Add more oil if necessary to make it a bit more fluid and easy to mix into pasta or smear over other things.


Use tomatoes that you have roasted in the oven, drizzled with oil for about two hours minimum, at 250 degrees.

Add a small Eggplant cut in chunks and roasted similarly.

Add Oregano and/or basil.

Mix into bean paste(post elsewhere) or Bean and tuna paste.

Toss into pasta.

Smear over plain fish half way through baking.

Toss with re hydrated baked or simmered Bacala(another salt source).

Add lemon juice and/or grated zest.

Smear over just roasted vegetable halves, Eggplant, Peppers, Tomatoes, Potatoes.

Coarsely mash some into new potatoes with extra oil. Especially good if you are serving fish with it. Potato and capers are a well known combination in the Aeolian islands, even though my great grandmother thought they were only fit for pigs.

Smear on grilled or toasted bread or garlic bread.

Mix it into cream cheese and stuff celery or Endive leaves.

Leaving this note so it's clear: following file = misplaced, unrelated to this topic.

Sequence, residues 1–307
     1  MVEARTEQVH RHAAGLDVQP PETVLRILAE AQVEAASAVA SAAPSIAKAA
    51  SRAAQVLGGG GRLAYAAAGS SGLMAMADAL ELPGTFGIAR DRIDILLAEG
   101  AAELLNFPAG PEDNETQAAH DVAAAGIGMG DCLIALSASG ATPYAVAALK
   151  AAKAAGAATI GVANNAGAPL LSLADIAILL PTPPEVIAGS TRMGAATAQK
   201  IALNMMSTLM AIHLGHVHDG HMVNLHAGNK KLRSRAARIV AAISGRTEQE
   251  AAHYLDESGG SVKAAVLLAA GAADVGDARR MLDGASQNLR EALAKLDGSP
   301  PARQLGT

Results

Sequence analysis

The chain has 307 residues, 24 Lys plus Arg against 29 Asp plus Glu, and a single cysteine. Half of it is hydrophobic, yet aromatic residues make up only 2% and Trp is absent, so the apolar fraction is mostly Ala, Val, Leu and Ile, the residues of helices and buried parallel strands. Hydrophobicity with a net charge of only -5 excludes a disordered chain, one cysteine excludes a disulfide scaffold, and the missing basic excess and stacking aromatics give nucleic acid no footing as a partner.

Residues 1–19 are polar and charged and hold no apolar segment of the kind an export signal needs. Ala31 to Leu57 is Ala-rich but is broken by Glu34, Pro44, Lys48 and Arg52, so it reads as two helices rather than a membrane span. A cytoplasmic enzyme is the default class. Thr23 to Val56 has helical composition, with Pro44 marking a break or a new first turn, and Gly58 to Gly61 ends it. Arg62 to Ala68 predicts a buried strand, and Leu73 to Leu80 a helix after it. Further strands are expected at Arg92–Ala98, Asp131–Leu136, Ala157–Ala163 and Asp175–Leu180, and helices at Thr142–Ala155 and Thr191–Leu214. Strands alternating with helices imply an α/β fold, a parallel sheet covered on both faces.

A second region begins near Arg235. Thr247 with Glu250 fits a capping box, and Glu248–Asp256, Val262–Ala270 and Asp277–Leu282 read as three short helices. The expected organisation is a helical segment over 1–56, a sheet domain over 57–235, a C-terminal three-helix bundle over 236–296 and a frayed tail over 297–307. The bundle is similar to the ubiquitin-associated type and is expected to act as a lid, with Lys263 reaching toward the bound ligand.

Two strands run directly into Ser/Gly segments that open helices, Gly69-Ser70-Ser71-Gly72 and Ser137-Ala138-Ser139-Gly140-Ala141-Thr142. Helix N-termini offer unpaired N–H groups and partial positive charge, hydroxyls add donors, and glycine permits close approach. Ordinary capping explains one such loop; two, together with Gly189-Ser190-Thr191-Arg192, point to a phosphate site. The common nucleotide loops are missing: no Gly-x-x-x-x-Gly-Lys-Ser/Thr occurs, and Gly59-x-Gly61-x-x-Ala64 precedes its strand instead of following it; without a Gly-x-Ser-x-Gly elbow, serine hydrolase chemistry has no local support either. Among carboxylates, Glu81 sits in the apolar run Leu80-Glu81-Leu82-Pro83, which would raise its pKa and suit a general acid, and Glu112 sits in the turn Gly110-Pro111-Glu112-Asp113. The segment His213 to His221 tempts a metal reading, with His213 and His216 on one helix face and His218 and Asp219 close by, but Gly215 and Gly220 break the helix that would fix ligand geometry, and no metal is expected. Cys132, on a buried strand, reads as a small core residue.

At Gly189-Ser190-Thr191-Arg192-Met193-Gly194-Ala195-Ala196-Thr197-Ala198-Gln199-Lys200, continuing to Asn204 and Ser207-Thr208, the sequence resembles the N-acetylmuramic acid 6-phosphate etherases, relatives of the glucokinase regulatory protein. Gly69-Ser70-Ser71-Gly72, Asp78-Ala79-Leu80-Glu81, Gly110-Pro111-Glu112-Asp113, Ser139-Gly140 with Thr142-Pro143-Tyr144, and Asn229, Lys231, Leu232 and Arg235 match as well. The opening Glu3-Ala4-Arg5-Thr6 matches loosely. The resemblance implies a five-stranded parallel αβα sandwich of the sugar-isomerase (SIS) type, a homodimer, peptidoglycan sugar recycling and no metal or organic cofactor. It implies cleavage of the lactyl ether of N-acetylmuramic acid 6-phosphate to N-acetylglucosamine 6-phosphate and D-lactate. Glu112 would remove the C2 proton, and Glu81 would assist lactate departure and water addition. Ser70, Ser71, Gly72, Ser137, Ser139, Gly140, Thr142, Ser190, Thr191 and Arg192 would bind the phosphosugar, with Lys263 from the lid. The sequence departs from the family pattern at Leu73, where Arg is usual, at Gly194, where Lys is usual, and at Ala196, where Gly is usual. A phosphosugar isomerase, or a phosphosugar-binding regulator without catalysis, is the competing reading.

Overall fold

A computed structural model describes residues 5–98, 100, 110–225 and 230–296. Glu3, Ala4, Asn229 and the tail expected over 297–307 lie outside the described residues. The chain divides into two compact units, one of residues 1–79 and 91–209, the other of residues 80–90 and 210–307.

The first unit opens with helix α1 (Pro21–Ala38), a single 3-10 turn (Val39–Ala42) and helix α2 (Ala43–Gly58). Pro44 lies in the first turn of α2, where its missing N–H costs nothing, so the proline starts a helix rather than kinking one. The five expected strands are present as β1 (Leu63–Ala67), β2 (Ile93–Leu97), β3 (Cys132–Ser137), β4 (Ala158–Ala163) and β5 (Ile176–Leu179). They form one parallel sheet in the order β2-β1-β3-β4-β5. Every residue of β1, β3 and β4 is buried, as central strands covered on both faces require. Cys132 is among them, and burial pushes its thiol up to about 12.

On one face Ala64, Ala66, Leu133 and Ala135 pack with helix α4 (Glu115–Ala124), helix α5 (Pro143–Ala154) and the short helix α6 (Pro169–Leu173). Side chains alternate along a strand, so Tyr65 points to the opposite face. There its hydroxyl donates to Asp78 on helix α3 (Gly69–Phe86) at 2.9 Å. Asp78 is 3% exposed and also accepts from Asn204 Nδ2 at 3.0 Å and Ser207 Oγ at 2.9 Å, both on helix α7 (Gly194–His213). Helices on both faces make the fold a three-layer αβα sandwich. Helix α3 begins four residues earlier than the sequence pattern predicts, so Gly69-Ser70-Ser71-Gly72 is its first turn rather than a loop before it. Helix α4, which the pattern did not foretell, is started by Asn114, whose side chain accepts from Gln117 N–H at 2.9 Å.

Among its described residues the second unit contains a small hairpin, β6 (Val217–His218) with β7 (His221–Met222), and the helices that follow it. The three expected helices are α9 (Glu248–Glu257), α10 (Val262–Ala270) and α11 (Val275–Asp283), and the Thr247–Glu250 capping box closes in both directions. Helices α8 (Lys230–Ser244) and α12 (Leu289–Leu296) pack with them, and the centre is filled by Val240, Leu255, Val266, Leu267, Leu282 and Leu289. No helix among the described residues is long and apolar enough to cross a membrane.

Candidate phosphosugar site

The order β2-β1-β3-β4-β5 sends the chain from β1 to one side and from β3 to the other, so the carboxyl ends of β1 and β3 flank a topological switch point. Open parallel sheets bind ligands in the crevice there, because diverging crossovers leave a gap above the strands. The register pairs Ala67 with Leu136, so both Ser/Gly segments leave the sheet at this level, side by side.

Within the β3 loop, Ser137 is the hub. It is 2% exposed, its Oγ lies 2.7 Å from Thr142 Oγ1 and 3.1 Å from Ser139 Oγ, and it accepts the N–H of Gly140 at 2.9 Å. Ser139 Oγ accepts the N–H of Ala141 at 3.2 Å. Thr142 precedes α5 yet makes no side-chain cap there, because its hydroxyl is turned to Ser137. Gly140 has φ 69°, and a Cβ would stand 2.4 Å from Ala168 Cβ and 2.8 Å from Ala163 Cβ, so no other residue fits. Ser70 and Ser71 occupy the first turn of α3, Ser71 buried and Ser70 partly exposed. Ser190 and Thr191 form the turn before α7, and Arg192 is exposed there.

Stir some into drained ricotta cheese and use it for a stuffing in deep fried squash, pumpkin or zucchini blossoms.
To drain the cheese, place a coffee filter into a mesh strainer and pour in the ricotta. Let drain into a deep bowl over night. You could use a double layer of cheesecloth as well.(possibly even paper towels)
You could conceivably put a layer of this stuffing between two slices of eggplant or zucchini slices then dip in batter together and deep fry...pray.

Today I saw a variation that was a mix of several anchovy fillets, 1/4 cup of rinsed drained capers, a handful of parsley, a half cup of oil cured olives(or your choice) all minced together, then wet with olive oil and Parmesan or Pecorino Romano mixed in. This was mixed with floured and fried veggies then baked at 350 till hot through.

ETC. Etc. etc.